In 1955 my parents sold the house because they wanted a big yard for us kids to play in and for my mom to garden. But, they couldn't find that house right away so for two years we moved one block to the west. If you cut through a couple of back yards (which we often did) it was literally a move of a few hundred yards. We rented the top floor of a huge house at 20 Ellicott Avenue, a wide street with many expansive and beautiful homes. So, new and smaller living quarters (I grudgingly had to share a bedroom with my brother ), but same neighborhood, same kids. One cool thing was we had a second-floor screened porch and I remember sitting out there watching tree limbs fall when the winds and rain from a hurricane moved through. We also had a bigger yard with an apple tree.
20 Ellicott Ave. 2021
Thomas-Ellicott was a good place for kids to grow up. Two blocks north was State Park (now Centennial Park) where we'd play and go sledding in the winter. A few blocks to the East was Austin Park which had a wading pool. On the corner of Thomas and Washington avenues was a vacant lot ( a house is there now) where we'd frequently play, so the small yard didn't deter us kids too much.
If mom needed a quart of milk (in a glass bottle) or a pack of smokes ( Viceroy) Corrigan's grocery was around the corner on Main Street. Mr. Corrigan's daughter was pretty good about letting a kid look through some comics if you didn't bother anyone. Since this was just post-World War II and the Korean War my favorites were what we called “army comics” and I had quite a collection. Like a lot of other things I should have saved which became valuable, I wish I had kept them.
Next to Corrigan's was J. Frank Dicke's bike shop where my parents bought my first bike. My mom was a worrywart though and wouldn't let me get a two-wheeler until I was 10. So, until then I was reduced to tooling around on a big trike. My friends teased me that if I got a dog in a basket I'd look like Margaret Hamilton in The Wizard Of Oz.
Across from Austin Park was Washington Elementary School ( currently it's RRH Reed Eye Associates.) I attended Kindergarten there until I switched to St. Mary's for first grade when it opened. For some strange reason, I remember virtually nothing about that year. My mom kept a class photo and I don't recall the teacher or the kids.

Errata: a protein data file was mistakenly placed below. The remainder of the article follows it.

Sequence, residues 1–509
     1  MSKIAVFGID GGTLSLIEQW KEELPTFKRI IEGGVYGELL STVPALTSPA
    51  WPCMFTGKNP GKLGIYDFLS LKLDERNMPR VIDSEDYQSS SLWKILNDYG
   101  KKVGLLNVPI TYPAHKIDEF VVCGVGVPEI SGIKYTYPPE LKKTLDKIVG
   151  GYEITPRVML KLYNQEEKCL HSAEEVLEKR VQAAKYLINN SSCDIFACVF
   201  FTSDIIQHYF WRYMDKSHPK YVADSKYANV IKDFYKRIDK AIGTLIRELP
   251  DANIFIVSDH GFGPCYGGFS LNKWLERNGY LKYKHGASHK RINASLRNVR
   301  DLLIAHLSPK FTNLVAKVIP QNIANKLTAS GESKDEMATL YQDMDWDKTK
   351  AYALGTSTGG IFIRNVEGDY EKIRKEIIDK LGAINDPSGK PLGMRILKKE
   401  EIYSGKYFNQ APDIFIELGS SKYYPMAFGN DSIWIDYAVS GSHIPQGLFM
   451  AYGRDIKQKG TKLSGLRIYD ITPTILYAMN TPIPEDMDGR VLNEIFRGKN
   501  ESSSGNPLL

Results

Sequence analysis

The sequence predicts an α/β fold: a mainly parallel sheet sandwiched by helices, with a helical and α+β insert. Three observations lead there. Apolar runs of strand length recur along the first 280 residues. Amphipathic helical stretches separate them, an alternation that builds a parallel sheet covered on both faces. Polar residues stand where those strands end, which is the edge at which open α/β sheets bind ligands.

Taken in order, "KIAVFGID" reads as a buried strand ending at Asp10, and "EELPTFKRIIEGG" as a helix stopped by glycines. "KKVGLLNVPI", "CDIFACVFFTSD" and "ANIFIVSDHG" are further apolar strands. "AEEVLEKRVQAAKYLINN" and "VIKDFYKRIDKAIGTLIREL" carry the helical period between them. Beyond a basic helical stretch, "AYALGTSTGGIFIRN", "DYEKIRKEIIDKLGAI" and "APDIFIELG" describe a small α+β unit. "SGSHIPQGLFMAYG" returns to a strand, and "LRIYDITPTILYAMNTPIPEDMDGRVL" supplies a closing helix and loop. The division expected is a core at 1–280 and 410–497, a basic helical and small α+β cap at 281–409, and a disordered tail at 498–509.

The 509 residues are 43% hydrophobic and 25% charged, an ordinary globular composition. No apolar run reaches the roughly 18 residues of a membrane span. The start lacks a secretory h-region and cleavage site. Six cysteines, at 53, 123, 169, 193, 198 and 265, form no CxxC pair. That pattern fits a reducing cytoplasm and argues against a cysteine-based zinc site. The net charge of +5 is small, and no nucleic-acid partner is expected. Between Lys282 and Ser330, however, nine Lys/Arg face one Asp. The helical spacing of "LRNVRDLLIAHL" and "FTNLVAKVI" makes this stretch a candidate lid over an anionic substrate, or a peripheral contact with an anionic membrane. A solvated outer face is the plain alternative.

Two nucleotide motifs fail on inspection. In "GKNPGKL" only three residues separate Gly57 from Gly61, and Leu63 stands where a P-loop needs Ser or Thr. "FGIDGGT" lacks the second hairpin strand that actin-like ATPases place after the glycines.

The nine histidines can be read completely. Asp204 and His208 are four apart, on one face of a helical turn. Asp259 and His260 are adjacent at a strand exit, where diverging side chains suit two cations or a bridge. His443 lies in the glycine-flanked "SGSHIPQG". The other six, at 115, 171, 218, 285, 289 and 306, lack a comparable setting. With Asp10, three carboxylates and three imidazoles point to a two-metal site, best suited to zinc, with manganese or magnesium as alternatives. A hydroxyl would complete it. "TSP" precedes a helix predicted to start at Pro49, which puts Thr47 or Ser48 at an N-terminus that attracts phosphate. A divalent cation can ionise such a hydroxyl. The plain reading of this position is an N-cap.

Across Main Street was the Holland Land Office Museum where I spent a lot of time when I got a little older and my mom would trust me to cross the busy thoroughfare. One of my earlier stories was about how I tried to hoodwink the museum director into displaying a fake artifact I supposedly found ( I failed).
Kitty-corner across the street was the residence of our family physician Doctor Biagio Mansueto. He made house calls so that was pretty convenient if you needed him or you could go right to his house like my mom did with me when I managed to get a dime stuck in my nose at church.
Next to the Mansueto's lived an elderly woman named Gladys Foster. She had a bunch of red currant bushes behind her garage and I tormented her by constantly picking them. If I was more clever I could have used the excuse that I was just keeping up with currant affairs.
When we moved to Ellicott there was a widow downstairs named Midge who was raising a couple of kids (older than me) on her own. My mom, who easily made acquaintances with almost anyone, became fast friends with her. For some reason, I recall being downstairs with them when Elvis made his swivel-hipped appearance on the Ed Sullivan show in 1956. Midge wasn't too impressed.
I have remarked before that it's odd that you often remember quirky things that took place rather than all the big occasions like Christmas, Halloween, etc. I certainly have my warm memories of family times, but also some vague recollections of little weird or funny incidents that happened.